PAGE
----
A study in the UK has looked at the correlation between the role children take in their school's nativity play and their future job prospects.
The study of 2000 adults was done by Virgin Media and claims to show how the character you played in the traditional Christmas play can have a bearing on your career, your happiness and even your average earnings.
It's good news for those who played major roles, with those who appeared as Mary, Joseph or the angel Gabriel pulling an average annual income over £37,000 ($75,000).
Surprisingly, the study found that the highest earners were found amidst the ranks of those who played an ox, who earned $84,000 on average.
Across the stable, those who played the lamb could only expect an average income of $40,000 and the much-maligned donkeys earn $50,000, with the study showing they are most likely to work in IT.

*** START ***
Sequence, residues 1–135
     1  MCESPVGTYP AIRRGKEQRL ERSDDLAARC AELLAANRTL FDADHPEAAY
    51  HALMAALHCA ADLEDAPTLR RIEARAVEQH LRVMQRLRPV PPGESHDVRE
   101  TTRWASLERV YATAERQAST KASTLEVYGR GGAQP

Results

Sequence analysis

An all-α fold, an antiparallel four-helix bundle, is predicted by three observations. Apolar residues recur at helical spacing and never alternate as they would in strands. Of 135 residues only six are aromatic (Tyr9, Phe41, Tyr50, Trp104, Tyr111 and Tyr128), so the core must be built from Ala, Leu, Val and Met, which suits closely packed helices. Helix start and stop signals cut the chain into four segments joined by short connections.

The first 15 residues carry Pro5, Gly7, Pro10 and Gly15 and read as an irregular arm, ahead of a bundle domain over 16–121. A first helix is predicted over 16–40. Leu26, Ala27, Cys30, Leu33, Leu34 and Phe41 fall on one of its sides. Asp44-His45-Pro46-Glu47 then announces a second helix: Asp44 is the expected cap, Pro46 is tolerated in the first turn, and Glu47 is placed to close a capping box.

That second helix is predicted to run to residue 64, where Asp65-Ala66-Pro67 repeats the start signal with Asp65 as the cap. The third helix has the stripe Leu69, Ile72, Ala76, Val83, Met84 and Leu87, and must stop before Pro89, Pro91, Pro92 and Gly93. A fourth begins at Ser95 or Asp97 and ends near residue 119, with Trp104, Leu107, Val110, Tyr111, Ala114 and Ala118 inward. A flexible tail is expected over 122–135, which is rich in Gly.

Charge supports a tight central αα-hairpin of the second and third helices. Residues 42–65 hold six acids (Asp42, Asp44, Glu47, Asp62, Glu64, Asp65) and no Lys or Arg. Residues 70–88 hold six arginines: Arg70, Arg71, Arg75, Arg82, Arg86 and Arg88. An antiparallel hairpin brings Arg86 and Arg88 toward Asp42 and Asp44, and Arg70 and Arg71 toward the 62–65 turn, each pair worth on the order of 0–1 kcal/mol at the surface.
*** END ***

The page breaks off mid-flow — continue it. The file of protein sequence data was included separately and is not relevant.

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Those who were proud of their role as a blinged-out Wise Man might be shocked to hear that the study showed that group averaging $52,000 - less than the shepherds at $58,000.
The study also measured the contentedness of the participants, with Mary topping the charts.
92 per cent of those who played Mary said they were content, compared with only 83 per cent for the lambs.
Nativity plays hit the headlines here in 2018, when a parent at an Auckland school kept her 7-year-old son home to avoid him acting out the nativity.
Katherine Hogg told Fairfax that she was keeping her son home from Stanmore Bay School because teaching the nativity at Christmas was "out of line . . . for a secular school".